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News from September 2016

New initiative to create reading comprehension intervention tailored to students with autism
September 12, 2016

MCPER is partnering with the University of California, Riverside, on a project to create a reading comprehension intervention specifically designed for students with autism spectrum disorders (ASD).

The project, Reading Enhancements for Students With Autism Spectrum Disorders (Project READ), received a $1.5 million federal grant, which will enable investigators to develop and test the intervention at elementary and middle schools in Texas and Southern California over a 3-year period.

The project’s investigators include Sharon Vaughn and Colleen Reutebuch of MCPER and Michael Solis, an assistant professor of special education at UC Riverside, who is also formerly of MCPER.

“The reading intervention takes into account many of the unique challenges of providing reading instruction to students with ASD by using interest-based text,” Solis told UCR Today. “Once students are more motivated to read about their interest area they are much more likely to be engaged and open to learning new skills that will help improve their ability to understand what they read.”

ASD is becoming increasingly prevalent in the United States, where it affects 1 in 68 children, according to data published by the Centers for Disease Control and Prevention in 2014.

Educators and parents have long expressed concern over the lack of proper reading instruction for children with ASD. Solis said he believes the problem stems from inadequate research on the topic, which he found was explored in only 12 studies over the last 3 decades.

For more information, visit Project READ's project page

Tags: Autism Spectrum Disorders Institute  Reading Enhancements for Students With Autism Spectrum Disorders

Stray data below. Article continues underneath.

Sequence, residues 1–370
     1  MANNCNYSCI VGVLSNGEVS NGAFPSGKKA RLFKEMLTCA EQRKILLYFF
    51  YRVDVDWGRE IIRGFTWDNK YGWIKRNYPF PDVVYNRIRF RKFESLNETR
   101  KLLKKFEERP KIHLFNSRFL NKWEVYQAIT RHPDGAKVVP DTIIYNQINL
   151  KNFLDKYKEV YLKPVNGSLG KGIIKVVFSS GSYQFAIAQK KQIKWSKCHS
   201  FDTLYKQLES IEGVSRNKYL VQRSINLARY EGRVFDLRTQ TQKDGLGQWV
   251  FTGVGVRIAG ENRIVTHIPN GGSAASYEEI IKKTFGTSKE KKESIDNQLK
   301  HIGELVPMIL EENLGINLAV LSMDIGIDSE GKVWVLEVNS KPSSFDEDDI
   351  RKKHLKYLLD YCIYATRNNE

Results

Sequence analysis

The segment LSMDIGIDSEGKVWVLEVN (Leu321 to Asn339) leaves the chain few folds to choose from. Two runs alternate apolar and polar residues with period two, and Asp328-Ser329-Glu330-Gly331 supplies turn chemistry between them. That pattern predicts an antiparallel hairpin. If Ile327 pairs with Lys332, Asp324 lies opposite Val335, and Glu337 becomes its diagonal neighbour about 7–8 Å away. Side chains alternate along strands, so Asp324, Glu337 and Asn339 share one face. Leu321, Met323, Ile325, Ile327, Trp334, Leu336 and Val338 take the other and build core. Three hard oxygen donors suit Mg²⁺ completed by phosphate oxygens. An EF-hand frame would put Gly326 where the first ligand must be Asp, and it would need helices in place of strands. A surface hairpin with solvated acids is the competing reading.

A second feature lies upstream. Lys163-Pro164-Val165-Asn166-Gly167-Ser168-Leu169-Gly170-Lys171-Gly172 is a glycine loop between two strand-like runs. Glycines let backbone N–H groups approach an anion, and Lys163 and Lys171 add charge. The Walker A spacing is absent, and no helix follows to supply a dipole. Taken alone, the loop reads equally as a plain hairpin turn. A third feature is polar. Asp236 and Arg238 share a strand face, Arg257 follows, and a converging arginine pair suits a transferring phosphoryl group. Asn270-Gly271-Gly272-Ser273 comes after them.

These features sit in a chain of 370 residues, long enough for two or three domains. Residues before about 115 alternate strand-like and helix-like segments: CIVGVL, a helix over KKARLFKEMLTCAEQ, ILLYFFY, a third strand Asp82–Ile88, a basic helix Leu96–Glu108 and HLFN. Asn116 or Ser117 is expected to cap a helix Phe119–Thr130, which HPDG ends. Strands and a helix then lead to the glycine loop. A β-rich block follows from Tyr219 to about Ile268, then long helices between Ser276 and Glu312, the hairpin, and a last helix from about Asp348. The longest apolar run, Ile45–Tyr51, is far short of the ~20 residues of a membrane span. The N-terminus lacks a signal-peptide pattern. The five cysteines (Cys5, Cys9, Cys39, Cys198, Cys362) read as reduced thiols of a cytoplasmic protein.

Pilot Point Middle School sees significant increase in STAAR scores
September 9, 2016

After working with the Texas Literacy Initiative to set higher expectations and put a greater emphasis on making data-driven decisions, Pilot Point Middle School saw a significant increase in its STAAR scores from 2015 to 2016.

In grade 8, the pass rate for the reading portion of the STARR jumped from 77% in 2015 to 89% in 2016. For students from lower socioeconomic status, the pass rate increased from 70% to 83%. Most notably, however, for English as a second language (ESL) students, the pass rate increased from 30% to 82% (see the table below).

The principal at Pilot Point Middle School, Dustin Toth, credited this increase in test scores to the hard work of his students, teachers, and staff.

In addition, he said, his teachers received invaluable assistance from Regina Wheat, an instructional coach who receives funding from the Texas Literacy Initiative, and Michelle Lambert-Yuhasz, a Texas Literacy Initiative state literacy liaison.

“Each time [Lambert-Yuhasz visited] our campus, I would try to get as much feedback as I could on our programs and identify what changes we needed to make to keep our campus moving forward,” Toth said.

Some of the changes contributing to Pilot Point’s successful test scores included a new campuswide vocabulary initiative, a move away from a pullout ESL program to one allowing students to be in a regular reading class each day, and the introduction of a special STAAR reading class for students in need of more intensive reading support.

“A major key to our success was the collaboration between our students and teachers,” Toth said, explaining how teachers not only took time to review assessments with their students, but also had their students set goals for subsequent tests and develop plans of action to achieve those goals while monitoring progress along the way.

A general education teacher, a special education teacher, an ESL teacher, a counselor, the principal, and an instructional coach reviewed the data and then developed appropriate intervention plans. Finally, identified strengths and weaknesses were discussed at grade-level meetings to look at the ways individual teachers could boost specific objectives and foundational skills in their class.

“Needless to say, we are excited about the direction our campus is headed,” Toth said. “It has been a total team effort and we can’t wait to keep moving forward next year.”

STAAR Grade 8 Reading Scores
  Satisfactory Advanced
  2016 2015 2016 2015
All Students 89 77 21 17
Economically Disadvantaged 83 70 17 11
Limited English Proficient 70 27 0 0
English as a Second Language 82 30 0 0

Tags: Vaughn Gross Center  Texas Literacy Initiative